August 21, 2005

Different For Lesbians

The Glass Closet

At 5-feet-11 and 203 pounds, Latasha Byears epitomized the power in power forward. She used her girth to set body-crunching picks that freed up Los Angeles Sparks center Lisa Leslie to score. On defense, she snatched rebounds and dogged the opponent's best shooter. If a player physically rubbed her or a teammate the wrong way, Byears exacted payback, committing hard fouls while helping the Sparks win back-to-back championships.

Then, in June 2003, a few weeks into the team's drive for its third WNBA title, Byears was dealt a blow of her own: She was accused of sexual assault following a party at her Marina del Rey condo.

Latasha

Latasha "Tot-o" Byears (Mark Boster/L. A. Times)

Less than a month later, a similar allegation would be leveled against Los Angeles Lakers star Kobe Bryant by a Colorado hotel worker. The athletes shared more in common than the specter of a criminal trial. They also worked for the same corporate family, an L.A. institution that would treat the two ballplayers one famous and the other relatively obscure very differently.

The Los Angeles Lakers stood by Bryant. The team's general manager, coach and fellow players publicly supported him throughout his arrest, teary declaration of innocence at a televised Staples Center news conference and court appearances. NBA Commissioner David Stern said that Bryant should "absolutely" continue to play until proven guilty.

In contrast, as a police investigation was opened, the Sparks wasted no time in releasing Byears. She hoped to be picked up by a different team, but the woman who had worn the number 00 on her uniform found zero interest among the other WNBA franchises. She took a series of odd jobs, including a stint slinging JC Penney merchandise in a Buena Park distribution center that lasted seven hot, boring days. "It's not that the work was bad," Byears says. "I just couldn't take it. Playing basketball is what I've been doing since high school, and it's all I really know how to do."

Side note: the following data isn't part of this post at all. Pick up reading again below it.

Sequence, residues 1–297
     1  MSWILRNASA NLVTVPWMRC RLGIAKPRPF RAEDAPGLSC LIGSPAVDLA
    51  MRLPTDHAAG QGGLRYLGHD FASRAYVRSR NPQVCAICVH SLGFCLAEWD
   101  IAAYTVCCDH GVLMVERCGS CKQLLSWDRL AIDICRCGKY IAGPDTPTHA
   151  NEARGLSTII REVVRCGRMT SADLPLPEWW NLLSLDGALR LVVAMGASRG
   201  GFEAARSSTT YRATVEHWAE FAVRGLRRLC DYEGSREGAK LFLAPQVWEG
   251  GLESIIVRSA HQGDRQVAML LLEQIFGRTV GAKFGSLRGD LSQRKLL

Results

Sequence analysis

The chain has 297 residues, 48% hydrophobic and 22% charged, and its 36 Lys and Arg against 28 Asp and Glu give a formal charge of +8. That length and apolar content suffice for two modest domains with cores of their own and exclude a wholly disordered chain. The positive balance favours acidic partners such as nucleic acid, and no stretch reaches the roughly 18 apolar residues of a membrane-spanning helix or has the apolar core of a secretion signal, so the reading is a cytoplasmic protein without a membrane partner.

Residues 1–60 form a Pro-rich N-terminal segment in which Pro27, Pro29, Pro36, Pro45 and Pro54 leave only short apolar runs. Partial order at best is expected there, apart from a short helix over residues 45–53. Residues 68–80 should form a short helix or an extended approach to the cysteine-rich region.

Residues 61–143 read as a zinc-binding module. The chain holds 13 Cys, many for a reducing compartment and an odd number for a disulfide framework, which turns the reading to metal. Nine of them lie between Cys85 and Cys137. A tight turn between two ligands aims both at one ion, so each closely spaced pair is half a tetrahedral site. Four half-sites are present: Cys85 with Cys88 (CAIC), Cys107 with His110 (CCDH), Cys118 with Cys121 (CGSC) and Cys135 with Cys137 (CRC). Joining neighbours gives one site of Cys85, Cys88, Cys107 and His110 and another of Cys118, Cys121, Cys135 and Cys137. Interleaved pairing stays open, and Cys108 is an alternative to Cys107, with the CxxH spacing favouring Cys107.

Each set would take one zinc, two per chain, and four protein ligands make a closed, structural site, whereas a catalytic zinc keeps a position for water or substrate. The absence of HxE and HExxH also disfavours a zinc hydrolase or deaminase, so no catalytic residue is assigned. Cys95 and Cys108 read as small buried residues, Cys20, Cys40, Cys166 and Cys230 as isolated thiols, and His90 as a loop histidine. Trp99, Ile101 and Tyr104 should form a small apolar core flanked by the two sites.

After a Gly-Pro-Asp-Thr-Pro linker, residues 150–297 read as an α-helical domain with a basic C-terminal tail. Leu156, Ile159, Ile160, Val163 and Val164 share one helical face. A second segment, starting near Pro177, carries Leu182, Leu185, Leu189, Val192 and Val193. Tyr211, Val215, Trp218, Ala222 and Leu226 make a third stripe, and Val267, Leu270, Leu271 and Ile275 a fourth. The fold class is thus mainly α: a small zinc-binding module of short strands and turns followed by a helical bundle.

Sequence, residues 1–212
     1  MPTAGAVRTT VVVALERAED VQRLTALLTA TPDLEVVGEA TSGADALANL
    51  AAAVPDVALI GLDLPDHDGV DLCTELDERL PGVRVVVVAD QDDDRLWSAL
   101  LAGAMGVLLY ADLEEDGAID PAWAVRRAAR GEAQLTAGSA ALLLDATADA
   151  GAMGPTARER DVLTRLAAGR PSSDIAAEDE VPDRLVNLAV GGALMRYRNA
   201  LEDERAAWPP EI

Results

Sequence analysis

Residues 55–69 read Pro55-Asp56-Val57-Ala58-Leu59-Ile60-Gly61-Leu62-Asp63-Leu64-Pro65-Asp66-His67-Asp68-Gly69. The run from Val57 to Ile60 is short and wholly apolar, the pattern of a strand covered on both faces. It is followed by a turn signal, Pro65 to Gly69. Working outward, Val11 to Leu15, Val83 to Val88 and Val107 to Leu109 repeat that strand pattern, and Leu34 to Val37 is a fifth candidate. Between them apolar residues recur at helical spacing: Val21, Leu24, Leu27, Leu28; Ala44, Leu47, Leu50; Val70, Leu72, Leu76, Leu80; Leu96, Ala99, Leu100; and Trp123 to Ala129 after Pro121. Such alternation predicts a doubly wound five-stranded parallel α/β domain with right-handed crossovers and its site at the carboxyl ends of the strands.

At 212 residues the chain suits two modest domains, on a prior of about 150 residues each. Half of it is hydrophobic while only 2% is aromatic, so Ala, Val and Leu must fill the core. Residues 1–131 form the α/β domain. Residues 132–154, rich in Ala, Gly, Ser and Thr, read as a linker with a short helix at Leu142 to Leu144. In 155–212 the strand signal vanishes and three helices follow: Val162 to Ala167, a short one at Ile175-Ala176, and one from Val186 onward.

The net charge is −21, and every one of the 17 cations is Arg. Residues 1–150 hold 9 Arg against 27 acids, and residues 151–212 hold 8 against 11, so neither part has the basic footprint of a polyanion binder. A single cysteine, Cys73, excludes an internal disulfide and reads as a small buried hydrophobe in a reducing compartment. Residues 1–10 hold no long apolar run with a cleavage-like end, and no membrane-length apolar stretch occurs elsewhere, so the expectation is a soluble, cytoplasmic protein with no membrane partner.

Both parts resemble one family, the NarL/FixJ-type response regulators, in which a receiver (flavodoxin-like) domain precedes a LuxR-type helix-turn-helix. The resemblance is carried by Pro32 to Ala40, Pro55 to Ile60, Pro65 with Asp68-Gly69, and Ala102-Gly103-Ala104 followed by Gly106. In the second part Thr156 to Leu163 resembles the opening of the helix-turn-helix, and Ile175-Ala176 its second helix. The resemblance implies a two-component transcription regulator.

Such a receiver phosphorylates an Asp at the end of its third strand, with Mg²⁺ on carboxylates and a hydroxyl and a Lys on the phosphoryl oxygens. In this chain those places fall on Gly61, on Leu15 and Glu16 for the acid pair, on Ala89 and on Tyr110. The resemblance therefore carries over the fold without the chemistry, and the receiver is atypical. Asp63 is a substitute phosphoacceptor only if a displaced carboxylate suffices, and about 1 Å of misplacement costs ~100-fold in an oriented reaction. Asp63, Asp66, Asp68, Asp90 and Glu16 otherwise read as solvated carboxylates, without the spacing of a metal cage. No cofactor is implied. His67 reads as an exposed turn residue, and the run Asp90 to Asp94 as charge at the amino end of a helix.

In some ways, the uneven treatment of Bryant and Byears speaks to the obvious: Bryant is a marquee player so famous beyond the arena that, like Arnold or Oprah, he is widely known by only his first name. He sells millions of dollars' worth of tickets and merchandise for a big-time sports franchise. Byears generated no discernible income for an unprofitable enterprise, and she had already made some other missteps on and off the court. What's more, in its effort to project a wholesome, family-friendly image, the WNBA is more sensitive to bad press than is the NBA, which could field a pretty decent All-Star team of players who have rap sheets.

And yet the 32-year-old Byears believes her particular predicament stems from something other than her largely unheralded status as a player or her reputation for unladylike behavior. She's convinced she has been ostracized for another reason: She is gay.

[ ... ]

The WNBA keeps a strong lesbian fan base, as well as its lesbian players, in what the University of Minnesota's Mary Jo Kane calls "a glass closet." Everyone knows they're there, says Kane, director of the Tucker Center for Research on Girls & Women in Sport, but no one wants to open the door.